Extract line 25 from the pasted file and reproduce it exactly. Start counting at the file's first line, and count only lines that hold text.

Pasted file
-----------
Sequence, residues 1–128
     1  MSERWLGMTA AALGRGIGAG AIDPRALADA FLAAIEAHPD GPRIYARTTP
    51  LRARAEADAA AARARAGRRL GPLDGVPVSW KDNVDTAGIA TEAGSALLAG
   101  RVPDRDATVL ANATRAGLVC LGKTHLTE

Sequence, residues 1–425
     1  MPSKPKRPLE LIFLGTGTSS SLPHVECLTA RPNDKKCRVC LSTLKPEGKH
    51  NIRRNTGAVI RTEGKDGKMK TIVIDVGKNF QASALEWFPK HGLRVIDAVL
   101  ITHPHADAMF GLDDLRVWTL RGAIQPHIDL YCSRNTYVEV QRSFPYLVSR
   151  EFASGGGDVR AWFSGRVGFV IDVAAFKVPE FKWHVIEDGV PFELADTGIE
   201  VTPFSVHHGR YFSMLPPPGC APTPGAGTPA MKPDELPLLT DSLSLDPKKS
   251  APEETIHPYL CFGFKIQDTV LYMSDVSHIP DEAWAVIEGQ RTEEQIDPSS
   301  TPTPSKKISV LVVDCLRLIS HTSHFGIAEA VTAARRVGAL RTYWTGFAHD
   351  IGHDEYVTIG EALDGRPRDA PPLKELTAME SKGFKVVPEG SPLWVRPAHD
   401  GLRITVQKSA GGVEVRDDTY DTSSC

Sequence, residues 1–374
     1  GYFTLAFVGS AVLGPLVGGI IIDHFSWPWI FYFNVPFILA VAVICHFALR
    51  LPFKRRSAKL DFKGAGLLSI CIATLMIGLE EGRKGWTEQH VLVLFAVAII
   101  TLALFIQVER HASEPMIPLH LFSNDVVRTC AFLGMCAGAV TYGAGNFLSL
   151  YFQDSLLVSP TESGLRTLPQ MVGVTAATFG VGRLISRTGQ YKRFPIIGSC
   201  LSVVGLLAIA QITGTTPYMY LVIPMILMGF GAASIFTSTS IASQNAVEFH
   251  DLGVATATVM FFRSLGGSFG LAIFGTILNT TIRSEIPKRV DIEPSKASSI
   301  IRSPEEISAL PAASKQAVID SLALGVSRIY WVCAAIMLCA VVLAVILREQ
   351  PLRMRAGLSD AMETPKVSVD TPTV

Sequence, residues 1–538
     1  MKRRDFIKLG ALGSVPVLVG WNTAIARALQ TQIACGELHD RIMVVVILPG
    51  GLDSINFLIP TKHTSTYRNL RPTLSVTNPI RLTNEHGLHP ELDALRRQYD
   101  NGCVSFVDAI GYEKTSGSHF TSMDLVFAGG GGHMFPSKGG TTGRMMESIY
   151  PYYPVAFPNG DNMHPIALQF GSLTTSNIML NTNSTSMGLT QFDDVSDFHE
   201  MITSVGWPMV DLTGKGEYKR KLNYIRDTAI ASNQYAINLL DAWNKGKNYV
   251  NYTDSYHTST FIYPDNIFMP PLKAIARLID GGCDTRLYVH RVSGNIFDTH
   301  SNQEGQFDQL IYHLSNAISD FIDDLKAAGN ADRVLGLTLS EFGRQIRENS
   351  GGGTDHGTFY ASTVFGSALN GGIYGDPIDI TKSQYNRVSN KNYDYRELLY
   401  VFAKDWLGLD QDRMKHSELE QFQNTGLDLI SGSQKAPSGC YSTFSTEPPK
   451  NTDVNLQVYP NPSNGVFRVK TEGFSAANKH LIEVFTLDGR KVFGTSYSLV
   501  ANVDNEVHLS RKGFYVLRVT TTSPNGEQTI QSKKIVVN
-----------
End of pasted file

     1  MKRRDFIKLG ALGSVPVLVG WNTAIARALQ TQIACGELHD RIMVVVILPG